Vic High saved from wrecking ball

SD61 committee recommends two seismic upgrade options for aging high school

Victoria High School needs seismic upgrades, but demolition is off the table for now.

The operations, policy and planning committee of the Greater Victoria School Board voted to recommend two seismic upgrade options for the school, eliminating a third which would have meant tearing down the 104-year-old structure.

The motion will be considered by the Board of Trustees at the end of June, at which point the superintendent will make a presentation to the provincial government, who will make the final decision.

“We did a fairly long consultation with the community, school, parents, teachers … we tried to involve as many people as possible in the decision making,” said SD61 vice-chair Tom Ferris. “Based on that, it seemed obvious one of the things people were definitely looking for was some sort of heritage preservation.”

RELATED: Vic High needs seismic upgrades

Ferris said the committee heard from over 1,700 people in its efforts to weigh public opinion on the project. “We have a very heavy binder full of commentary,” he added.

Seismically upgrading the existing building and upgrading the building’s systems—the school’s boiler needs to be replaced—would cost up to $70 million. To retain the exterior of the building and rebuild the interior, similar to work done on Central middle school, would run between $100 million and $110 million.

Both options include a complete seismic upgrade of the school, while the second would include construction of a neighbourhood learning centre for the community, at an increased cost. Ferris said any changes to the school will also signal the beginning of a change for the Fernwood community.

“Obviously, this is a big change and we know that at the same time we’ll be consulting with the public about the building and what it looks like,” he said. “When that happens, the City will also be looking at a long-term, aligned plan with the neighbourhood.”

Whichever option is approved, Vic High students will need to move out while the work is underway. In Sept. 2019 classes would be held at the S.J. Willis Educational Centre, which is currently being upgraded to meet that need.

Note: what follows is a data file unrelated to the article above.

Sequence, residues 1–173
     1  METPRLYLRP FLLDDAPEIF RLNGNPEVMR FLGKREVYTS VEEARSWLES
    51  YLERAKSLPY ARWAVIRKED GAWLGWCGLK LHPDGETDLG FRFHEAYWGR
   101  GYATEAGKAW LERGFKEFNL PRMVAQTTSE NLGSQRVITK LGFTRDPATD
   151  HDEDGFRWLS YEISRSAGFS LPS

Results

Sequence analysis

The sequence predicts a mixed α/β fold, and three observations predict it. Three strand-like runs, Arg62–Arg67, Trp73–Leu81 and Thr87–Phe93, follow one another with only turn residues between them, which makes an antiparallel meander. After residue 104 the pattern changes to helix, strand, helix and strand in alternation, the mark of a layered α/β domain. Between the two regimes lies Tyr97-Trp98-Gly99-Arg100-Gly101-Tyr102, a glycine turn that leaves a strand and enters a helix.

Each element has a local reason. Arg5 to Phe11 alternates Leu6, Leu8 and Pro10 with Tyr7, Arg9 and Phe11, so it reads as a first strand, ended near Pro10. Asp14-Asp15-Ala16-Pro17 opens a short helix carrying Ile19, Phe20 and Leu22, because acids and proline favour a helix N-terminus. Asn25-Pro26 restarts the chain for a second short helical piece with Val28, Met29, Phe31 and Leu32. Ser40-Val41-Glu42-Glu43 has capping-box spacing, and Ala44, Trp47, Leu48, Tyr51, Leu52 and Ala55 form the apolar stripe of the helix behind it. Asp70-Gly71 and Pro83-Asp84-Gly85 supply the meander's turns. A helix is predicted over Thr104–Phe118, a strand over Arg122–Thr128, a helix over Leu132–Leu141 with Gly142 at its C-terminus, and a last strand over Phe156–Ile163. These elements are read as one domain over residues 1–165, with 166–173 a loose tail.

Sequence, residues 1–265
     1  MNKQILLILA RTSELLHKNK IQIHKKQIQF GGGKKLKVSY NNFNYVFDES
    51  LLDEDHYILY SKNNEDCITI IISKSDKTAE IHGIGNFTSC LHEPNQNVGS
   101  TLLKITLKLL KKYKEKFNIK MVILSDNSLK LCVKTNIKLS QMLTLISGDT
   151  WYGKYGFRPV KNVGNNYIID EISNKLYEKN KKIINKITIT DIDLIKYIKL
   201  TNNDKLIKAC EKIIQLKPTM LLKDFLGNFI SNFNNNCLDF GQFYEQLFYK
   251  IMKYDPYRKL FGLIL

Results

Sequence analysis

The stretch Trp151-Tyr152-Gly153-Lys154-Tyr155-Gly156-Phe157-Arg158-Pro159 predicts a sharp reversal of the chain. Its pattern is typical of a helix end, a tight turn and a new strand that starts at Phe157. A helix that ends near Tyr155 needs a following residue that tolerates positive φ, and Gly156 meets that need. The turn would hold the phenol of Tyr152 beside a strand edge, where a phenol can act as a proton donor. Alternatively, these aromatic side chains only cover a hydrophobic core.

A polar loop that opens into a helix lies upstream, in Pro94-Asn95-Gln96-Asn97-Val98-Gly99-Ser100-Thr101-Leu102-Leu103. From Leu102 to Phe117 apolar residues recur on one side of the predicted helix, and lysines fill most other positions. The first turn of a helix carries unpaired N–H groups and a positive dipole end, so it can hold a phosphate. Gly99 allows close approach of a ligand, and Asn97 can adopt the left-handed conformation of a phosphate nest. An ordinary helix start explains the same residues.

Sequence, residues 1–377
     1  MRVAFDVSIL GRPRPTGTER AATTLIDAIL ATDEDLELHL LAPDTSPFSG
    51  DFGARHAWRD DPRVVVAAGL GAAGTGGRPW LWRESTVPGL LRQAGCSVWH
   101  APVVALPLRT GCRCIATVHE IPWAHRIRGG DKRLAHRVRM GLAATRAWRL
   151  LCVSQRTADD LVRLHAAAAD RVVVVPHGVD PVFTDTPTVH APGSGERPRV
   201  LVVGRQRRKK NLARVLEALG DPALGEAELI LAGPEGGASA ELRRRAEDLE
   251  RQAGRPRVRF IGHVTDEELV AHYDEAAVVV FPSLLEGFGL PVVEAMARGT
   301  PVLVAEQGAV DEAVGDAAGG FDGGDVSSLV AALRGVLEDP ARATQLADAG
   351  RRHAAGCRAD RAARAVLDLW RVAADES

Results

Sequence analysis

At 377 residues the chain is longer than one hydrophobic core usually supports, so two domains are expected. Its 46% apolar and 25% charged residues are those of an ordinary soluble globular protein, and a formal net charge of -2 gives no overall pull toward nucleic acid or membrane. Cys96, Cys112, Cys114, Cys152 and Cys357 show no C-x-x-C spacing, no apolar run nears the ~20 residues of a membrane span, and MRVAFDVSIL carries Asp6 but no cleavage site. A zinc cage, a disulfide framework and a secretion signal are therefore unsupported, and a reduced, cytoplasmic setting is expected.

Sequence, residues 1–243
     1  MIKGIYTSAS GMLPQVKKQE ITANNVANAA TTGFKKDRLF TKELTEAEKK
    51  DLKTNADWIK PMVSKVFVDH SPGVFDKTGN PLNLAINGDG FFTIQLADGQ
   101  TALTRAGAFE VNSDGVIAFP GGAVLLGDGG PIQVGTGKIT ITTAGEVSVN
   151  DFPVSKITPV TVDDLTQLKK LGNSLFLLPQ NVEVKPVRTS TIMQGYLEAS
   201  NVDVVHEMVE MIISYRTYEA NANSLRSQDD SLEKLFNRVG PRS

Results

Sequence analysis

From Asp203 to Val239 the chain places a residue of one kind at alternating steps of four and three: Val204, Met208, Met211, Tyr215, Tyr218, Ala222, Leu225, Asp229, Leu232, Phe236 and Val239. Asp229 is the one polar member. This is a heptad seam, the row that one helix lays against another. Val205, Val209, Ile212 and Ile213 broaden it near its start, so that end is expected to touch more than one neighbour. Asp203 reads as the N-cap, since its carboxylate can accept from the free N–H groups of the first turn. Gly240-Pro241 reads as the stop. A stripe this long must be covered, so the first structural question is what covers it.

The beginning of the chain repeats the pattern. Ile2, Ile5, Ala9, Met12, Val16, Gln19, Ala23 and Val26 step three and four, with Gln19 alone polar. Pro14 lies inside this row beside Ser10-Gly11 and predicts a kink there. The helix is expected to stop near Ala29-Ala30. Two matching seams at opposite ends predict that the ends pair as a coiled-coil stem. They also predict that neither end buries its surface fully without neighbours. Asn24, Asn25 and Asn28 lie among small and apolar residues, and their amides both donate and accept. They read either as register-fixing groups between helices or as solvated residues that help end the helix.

The Board of Education will make its decision by the end of June, with a decision anticipated from the province by this fall.

nicole.crescenzi@vicnews.com

– With files from Kristyn Anthony

Just Posted

Vancouver Island University shows off new fish health lab

Provincially funded Centre for Innovation in Fish Health unique in B.C.

Editorial: Looking back at windstorm helps us prepare for next time

BC Hydro says it was the most destructive storm in its history

Seniors deferring property taxes up 55 per cent in four years: report

Program allows people over the age of 55 to defer payment of municipal property taxes

Port Alberni man trekking the Sahara Desert in support of women and children

Chris Fenton of The Fenton Team will spend five days hiking in the Sahara Desert

Four out of 10 Canadians shopped from their mobile devices in 2018

In 2014, mobile devices accounted for 12 per cent of online purchases

VIDEO: Students in MAGA hats mock Native American at Indigenous Peoples March

Diocese in Kentucky says it is investigating the matter, caught on video by onlookers

Wind, tides could combine for 7-metre Long Beach waves Saturday

Extreme wave hazard warning at the Pacific Rim National Park Reserve.

Want to avoid the speculation tax on your vacant home? Rent it out, Horgan says

Premier John Horgan and Sheila Malcolmson say speculation and vacancy tax addresses homelessness

CONSUMER REPORT: What to buy each month in 2019 to save money

Resolve to buy all of the things you want and need, but pay less money for them

UPDATE: B.C. woman and boy, 6, found safe, RCMP confirm

Roseanne Supernault says both she and her six-year-old nephew are fine and she has contacted police

PHOTOS: Women’s Marches take to the streets across B.C. and beyond

Women and allies marched worldwide protesting violence against women, calling for equality

Anxiety in Alaska as endless aftershocks rattle residents

Seismologists expect the temblors to continue for months, although the frequency has lessened

Women’s March returns across the U.S. amid shutdown and controversy

The original march in 2017, the day after President Donald Trump’s inauguration, drew hundreds of thousands of people

Federal Liberals announce former B.C. MLA as new candidate in byelection

Richard Lee will face off against federal NDP leader Jagmeet Singh

Most Read